Backdoor Revolution-The Definitive Guide to ADU Development


Author Kol Peterson, an accessory dwelling units (ADU) expert based in Portland, Oregon, recently released the book Backdoor Revolution-The Definitive Guide to ADU Development as a guide for planners, ADU advocates, and homeowners who aspire to build ADUs.

ADUs are poised to present the most viable stepping-stone solution for cities that are experiencing a housing crisis and exploring how to increase housing opportunities within their single-family residential zones, Peterson says in his Q&As about the book.

Peterson explains that ADUs are going to become very mainstream in the next two to five years, starting with California, but ultimately spreading quickly to many major cities in the US, including in Colorado, New England, North Carolina, and the DC Metro area.

The author is an ADU expert who has helped catalyze the exponential growth of ADUs in Portland over the last decade. He and his wife also live in an ADU that he developed in 2011. He is the owner of Caravan- The Tiny House Hotel, the first tiny house hotel in the world, and organizer of Portland’s popular ADU Tour. 


Backdoor Revolution serves two distinct audiences by design. ADUs are currently a rare housing form, and it was important to get both professional readers (ie. city planners, advocates) and homeowner developers on the same page. The book is available at

This first half of book serves as an in-depth, detailed guide to the process of designing and building an ADU. It covers costs, financing, permitting, ADU design, rental models, step-by-step guidance, and more. It is written primarily for homeowners who want to develop an ADU on their property. The second half of the book dives into larger issues that have kept ADUs from taking off in most US cities till now. It provides case studies and a synthesis of research about ADUs. It will help city planners and ADU advocates to increase the number of ADUs in their jurisdiction.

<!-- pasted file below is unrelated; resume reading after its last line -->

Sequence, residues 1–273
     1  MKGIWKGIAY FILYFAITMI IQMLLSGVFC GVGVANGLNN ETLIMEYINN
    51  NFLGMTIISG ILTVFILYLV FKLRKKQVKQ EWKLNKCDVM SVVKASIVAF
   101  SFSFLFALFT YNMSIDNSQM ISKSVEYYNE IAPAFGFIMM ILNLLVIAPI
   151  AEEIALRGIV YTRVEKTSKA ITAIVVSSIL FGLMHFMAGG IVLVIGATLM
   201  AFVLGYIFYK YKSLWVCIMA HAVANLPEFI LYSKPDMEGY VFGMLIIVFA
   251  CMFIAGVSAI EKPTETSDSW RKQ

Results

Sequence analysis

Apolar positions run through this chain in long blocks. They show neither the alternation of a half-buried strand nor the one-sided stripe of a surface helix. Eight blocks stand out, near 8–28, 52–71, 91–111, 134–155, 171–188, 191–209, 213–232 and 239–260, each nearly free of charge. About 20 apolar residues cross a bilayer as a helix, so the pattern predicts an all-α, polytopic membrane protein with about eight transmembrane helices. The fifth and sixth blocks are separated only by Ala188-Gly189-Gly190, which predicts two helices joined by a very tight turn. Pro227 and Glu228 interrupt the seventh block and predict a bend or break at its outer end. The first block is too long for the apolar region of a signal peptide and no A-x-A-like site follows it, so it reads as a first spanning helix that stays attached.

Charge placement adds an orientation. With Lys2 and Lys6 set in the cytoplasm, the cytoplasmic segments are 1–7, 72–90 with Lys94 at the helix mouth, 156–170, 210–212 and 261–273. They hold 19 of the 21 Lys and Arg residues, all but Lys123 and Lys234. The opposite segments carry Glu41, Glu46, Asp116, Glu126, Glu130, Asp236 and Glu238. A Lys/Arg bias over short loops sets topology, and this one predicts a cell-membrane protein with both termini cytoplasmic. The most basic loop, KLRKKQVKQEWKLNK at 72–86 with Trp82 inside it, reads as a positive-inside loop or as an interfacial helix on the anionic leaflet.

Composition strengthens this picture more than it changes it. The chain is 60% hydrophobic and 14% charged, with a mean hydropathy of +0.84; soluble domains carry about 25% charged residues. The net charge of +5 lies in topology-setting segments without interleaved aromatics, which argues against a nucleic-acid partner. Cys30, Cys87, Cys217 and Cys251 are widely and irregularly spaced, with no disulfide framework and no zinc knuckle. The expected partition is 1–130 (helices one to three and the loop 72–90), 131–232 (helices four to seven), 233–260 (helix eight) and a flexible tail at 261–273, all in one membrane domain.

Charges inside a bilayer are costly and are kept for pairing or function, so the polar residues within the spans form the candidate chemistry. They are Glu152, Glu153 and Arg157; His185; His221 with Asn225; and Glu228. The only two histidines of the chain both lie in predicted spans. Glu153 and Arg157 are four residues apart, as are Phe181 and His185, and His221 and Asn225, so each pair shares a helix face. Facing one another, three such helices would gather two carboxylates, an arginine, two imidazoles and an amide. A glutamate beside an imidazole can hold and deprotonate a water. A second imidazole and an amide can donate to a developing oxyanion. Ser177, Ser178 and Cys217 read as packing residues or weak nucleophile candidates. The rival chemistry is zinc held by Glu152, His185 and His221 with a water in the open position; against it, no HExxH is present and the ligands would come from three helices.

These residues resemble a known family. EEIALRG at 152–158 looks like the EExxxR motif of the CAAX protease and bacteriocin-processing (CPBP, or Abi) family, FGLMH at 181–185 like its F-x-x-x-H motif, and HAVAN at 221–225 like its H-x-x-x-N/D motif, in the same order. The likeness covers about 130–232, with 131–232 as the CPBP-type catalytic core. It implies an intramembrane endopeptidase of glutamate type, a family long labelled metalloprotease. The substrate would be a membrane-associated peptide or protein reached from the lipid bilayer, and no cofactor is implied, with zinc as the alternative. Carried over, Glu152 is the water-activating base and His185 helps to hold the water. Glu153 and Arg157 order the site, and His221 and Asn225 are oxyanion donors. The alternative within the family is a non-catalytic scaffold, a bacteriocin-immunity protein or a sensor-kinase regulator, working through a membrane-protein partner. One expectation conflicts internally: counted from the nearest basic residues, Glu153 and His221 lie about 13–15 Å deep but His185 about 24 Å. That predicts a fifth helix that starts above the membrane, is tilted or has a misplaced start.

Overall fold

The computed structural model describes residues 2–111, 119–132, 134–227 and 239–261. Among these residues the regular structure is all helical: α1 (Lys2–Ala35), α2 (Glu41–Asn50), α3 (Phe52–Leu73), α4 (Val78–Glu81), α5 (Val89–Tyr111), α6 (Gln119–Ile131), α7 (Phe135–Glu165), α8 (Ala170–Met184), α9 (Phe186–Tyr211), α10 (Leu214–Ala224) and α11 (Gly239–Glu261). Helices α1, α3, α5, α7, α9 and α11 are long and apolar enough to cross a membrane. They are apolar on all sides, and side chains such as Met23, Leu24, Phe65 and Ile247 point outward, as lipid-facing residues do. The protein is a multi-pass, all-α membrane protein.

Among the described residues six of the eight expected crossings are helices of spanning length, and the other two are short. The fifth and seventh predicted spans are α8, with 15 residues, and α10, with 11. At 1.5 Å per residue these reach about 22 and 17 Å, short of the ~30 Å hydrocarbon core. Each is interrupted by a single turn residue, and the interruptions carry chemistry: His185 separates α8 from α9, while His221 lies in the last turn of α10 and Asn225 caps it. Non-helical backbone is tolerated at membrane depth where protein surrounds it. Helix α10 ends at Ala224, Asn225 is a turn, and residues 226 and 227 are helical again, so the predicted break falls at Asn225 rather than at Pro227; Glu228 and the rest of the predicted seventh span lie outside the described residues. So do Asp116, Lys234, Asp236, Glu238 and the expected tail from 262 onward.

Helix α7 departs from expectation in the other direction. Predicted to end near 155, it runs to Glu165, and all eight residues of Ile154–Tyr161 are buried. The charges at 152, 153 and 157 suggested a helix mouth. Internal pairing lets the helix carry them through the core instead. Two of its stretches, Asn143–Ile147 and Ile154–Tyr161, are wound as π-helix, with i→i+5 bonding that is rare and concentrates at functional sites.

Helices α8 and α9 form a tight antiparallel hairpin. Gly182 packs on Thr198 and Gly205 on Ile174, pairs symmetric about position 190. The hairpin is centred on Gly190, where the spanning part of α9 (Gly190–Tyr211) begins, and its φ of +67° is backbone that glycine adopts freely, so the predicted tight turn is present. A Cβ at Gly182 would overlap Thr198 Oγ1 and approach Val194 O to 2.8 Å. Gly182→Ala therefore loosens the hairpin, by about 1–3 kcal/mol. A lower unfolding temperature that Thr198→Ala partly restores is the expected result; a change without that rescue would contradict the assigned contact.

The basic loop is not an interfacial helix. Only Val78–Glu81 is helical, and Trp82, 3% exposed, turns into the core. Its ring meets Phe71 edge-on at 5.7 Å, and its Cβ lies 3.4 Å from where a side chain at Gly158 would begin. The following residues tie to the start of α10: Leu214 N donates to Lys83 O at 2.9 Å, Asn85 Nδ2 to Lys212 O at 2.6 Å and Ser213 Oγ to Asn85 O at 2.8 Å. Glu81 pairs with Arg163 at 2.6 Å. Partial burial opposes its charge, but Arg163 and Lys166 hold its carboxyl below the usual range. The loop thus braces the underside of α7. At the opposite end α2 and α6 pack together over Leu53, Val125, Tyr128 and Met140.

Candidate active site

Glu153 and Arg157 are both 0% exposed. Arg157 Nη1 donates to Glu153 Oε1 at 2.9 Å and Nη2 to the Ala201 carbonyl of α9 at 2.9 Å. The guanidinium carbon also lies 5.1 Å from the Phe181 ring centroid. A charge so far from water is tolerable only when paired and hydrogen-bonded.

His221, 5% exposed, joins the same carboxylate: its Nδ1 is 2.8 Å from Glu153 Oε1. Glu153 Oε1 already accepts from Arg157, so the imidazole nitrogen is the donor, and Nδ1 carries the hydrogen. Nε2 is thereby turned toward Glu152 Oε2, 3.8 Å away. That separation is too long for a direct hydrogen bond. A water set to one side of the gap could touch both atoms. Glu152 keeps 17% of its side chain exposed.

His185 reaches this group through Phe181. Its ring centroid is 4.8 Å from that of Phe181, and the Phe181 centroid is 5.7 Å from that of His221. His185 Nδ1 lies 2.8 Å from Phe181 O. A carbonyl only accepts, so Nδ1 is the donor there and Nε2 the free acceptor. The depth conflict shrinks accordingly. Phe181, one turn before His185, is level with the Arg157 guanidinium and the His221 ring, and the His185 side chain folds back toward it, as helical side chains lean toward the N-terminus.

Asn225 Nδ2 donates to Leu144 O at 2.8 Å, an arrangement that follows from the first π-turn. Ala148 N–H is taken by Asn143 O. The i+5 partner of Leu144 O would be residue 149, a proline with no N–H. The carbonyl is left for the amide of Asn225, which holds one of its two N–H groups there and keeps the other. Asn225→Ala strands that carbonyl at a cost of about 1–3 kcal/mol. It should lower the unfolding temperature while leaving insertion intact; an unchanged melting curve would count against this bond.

Special design considerations for ADUs

Peterson writes that building an ADU requires thinking three steps ahead. Backdoor Revolution will get homeowners thinking five steps ahead. This kind of advanced planning can really pay off, but it's impossible to plan like this without knowing what you're getting into.


ADUs are always accessory to a primary house. They're commonly urban infill. And, they're small and oftentimes bound by tight setback and height limitations.  Those three features make ADU design specialized, and arguably more challenging than designing a conventional larger home. There is overlap with tiny house design, boat design, and small house design generally, but many of the concepts are intrinsic solely to ADU design.

He points out that one overlooked concept that is the need for long-term storage: both interior and exterior. While it is convenient to simply not add in extra storage because it can take up precious square footage, it is critical to do so. Those who do not have sufficient storage ultimately regret it.

Bear in mind that instead of a single household on a given property, there may now be two. Both households need to store bikes, canoes, luggage and other seasonal items.

If the garage is going to be converted to ADU, the owners should consider adding a shed. It may make sense to incorporate the shed into the site plan for the ADU, to ensure that there is good flow on the property. If the shed is going to have a concrete foundation, then it would make sense to take care of the excavation and concrete work at the same time as the ADU. This will cost more, so the homeowner will need to apply for a slightly larger loan.

For more information on the book, visit

Published in February 2018

Print Friendly and PDF Email this page